Homeward Bound, the first nonprofit to get a tax bill from Maricopa County tax assessor Corpstein, is one of them. The assessor runs off a list of properties used by Homeward Bound that have assessed values from $78,520 to $96,885.
But Pamela Martin, Homeward Bound's executive director, says the 190 families in Homeward Bound programs paid an average $301 rent in December, with a range of anywhere from $50 to $400.
When it comes to putting a roof over someone's head or sending him back to a harmful situation, Martin says, "it doesn't make any sense to say, 'This house is too nice for these people.'"
"'Indigent,' to [Corpstein], meant the person on the corner with the sign," says Kim Casey, the agency's property manager. "We don't have shelters; we have homes. This is a critical effort that we make, only to be slapped down."
So state Senator Marc Spitzer and Representative Lori Daniels have introduced a bill they say would clean up this mess once and for all. "This isn't one of those goofy bills you can blame on the Legislature," Daniels says.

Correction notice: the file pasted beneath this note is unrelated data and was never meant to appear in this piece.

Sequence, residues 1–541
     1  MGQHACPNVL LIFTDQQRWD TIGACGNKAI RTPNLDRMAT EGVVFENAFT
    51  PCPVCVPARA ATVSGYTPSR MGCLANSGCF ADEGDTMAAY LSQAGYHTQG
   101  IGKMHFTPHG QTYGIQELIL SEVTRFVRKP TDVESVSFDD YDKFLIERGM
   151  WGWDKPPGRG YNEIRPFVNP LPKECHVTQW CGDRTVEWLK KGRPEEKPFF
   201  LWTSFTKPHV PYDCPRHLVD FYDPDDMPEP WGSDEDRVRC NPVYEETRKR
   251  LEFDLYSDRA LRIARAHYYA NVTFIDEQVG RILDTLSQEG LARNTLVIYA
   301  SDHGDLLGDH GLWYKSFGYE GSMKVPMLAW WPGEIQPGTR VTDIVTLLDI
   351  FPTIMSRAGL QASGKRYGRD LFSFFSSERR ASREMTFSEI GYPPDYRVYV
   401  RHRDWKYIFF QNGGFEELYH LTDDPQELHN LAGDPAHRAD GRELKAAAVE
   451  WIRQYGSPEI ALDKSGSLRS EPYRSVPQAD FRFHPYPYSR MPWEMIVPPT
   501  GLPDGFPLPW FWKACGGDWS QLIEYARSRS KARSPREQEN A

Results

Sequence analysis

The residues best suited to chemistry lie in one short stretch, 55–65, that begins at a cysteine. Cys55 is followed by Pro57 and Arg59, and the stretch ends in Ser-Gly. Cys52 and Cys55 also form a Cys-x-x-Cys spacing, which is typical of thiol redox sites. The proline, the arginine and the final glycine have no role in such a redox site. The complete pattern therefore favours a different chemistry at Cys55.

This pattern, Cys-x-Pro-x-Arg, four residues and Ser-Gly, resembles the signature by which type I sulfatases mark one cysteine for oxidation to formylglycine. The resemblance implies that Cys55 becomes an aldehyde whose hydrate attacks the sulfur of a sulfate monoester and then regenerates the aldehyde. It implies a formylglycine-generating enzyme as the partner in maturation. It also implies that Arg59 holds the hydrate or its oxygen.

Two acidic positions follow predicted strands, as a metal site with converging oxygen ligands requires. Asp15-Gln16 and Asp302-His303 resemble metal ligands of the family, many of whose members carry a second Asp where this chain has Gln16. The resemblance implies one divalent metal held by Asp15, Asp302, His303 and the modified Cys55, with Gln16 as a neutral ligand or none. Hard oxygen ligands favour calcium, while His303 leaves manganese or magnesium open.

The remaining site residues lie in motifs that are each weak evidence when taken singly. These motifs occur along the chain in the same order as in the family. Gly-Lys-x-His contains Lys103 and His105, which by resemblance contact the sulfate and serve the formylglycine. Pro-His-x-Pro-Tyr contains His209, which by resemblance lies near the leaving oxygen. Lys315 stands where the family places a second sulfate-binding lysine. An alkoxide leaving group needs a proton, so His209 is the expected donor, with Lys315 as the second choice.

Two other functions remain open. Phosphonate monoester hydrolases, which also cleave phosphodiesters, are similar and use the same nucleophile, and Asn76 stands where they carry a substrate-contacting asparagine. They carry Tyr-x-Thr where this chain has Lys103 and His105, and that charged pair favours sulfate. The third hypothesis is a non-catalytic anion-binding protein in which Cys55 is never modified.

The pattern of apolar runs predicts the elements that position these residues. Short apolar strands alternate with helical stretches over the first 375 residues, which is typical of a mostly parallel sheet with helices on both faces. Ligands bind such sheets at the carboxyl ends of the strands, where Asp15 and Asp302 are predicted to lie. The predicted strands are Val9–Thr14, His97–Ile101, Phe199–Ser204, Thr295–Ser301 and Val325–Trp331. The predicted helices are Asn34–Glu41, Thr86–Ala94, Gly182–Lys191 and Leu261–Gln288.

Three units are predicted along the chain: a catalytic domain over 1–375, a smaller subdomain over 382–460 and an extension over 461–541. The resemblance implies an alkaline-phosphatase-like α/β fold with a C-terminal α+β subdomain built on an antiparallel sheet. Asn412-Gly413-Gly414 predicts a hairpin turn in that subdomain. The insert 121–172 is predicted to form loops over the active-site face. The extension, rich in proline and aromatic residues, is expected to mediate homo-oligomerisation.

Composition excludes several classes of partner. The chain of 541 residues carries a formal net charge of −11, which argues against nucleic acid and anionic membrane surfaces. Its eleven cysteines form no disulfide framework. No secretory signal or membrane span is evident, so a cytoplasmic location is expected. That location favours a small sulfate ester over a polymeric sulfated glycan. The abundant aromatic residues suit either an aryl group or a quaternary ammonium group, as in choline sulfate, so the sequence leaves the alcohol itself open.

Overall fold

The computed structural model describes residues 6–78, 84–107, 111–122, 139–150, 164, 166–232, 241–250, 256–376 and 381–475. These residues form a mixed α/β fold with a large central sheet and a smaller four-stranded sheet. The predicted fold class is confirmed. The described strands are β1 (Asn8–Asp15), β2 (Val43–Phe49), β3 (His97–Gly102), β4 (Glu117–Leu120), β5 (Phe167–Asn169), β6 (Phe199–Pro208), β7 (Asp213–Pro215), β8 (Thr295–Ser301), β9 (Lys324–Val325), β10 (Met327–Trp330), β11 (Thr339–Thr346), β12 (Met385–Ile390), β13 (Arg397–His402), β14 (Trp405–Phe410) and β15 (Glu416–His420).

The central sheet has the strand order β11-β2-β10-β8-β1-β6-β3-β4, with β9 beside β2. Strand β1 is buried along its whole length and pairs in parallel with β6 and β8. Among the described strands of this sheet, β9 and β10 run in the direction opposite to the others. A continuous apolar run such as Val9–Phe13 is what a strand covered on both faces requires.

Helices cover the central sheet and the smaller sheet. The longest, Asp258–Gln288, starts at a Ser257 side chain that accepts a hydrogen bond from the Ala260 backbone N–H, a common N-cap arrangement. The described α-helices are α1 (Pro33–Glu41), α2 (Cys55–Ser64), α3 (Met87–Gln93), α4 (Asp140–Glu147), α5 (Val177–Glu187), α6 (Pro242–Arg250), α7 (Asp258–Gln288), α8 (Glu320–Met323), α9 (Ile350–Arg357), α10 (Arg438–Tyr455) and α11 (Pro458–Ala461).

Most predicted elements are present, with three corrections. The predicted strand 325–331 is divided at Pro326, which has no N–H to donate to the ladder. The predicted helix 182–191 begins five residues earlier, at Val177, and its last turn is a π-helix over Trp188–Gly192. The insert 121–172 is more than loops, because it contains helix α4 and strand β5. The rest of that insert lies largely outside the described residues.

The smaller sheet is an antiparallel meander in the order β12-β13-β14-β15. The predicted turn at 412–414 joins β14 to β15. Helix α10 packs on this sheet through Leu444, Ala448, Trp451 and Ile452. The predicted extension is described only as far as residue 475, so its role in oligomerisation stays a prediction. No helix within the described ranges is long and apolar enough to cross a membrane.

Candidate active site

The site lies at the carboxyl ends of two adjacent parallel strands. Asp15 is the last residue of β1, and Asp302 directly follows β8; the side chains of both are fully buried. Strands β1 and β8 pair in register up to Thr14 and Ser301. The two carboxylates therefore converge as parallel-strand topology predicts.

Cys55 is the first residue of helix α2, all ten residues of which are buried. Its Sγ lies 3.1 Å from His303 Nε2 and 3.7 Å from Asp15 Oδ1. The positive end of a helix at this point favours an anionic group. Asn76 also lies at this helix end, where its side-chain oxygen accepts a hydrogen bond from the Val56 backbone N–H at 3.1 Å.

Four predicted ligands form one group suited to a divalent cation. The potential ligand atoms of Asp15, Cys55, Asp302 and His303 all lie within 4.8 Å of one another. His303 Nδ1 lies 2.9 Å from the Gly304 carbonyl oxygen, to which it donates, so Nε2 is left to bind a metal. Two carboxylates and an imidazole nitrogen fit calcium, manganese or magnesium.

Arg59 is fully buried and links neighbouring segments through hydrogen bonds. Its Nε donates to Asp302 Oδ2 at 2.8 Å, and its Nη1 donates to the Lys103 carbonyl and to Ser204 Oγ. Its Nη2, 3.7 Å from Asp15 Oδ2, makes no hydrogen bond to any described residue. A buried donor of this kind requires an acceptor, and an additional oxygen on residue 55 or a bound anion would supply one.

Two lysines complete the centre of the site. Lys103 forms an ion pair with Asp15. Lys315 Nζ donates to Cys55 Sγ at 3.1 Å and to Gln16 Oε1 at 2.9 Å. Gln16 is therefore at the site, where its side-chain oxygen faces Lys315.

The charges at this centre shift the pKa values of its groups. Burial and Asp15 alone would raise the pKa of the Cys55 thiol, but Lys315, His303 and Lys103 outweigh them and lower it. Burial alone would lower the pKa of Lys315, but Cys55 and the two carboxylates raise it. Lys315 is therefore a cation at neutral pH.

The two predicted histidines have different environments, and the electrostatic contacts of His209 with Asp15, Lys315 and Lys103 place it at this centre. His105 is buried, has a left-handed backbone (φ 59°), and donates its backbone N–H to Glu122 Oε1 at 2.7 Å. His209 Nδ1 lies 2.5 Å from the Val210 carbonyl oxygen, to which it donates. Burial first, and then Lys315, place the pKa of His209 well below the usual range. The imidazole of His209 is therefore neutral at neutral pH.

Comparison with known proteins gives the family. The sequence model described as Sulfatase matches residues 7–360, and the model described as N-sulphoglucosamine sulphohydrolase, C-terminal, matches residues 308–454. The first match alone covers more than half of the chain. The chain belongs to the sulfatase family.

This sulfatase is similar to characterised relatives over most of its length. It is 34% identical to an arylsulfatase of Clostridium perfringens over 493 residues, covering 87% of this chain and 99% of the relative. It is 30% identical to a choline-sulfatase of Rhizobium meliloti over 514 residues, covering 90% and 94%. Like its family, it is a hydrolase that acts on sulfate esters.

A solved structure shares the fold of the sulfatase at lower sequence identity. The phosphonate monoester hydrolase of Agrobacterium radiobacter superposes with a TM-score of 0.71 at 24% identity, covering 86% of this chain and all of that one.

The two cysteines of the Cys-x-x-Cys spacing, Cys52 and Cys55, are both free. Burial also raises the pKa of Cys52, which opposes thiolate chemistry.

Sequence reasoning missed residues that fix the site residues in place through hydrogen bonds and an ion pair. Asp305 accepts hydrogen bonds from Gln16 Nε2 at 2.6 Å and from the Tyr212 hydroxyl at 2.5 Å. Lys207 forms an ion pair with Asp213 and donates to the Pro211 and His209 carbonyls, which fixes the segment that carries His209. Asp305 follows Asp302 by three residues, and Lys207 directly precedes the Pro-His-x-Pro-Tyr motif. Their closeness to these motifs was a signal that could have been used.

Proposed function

The measure would significantly broaden the definition of tax-exempt service organizations. It protects groups that are "primarily engaged in delivering services that improve the physical, mental, social, cultural or spiritual welfare of others."
It also would forgive all debts incurred in the assessor's assault.
Daniels expects the bill to be a slam dunk. Governor J. Fife Symington III is said to support the bill.
Kennedy, the Assessor's Exemptions Office manager, calls the bill "damaging."
"It will make some organizations go out and try to become nonprofits," he says. "I don't think they [legislators] understand what they're doing."
Corpstein can't help feeling a little picked on these days, considering all the tax reductions the Legislature has thrown his way in recent years. Among them: Apartments, once taxed at a rate of 14 percent, are now taxed at 10 percent.
Meanwhile, the value of tax-exempt properties in the county increased by $143million from 1990-95. Without a clear definition of the people being served by nonprofit institutions, "where do you draw the line?" Corpstein asks. "When you leave it up in the air, it makes it hard on us."
Says Pamela Martin of Homeward Bound: "We're being penalized for keeping people off welfare, and I don't think that's what taxpayers want.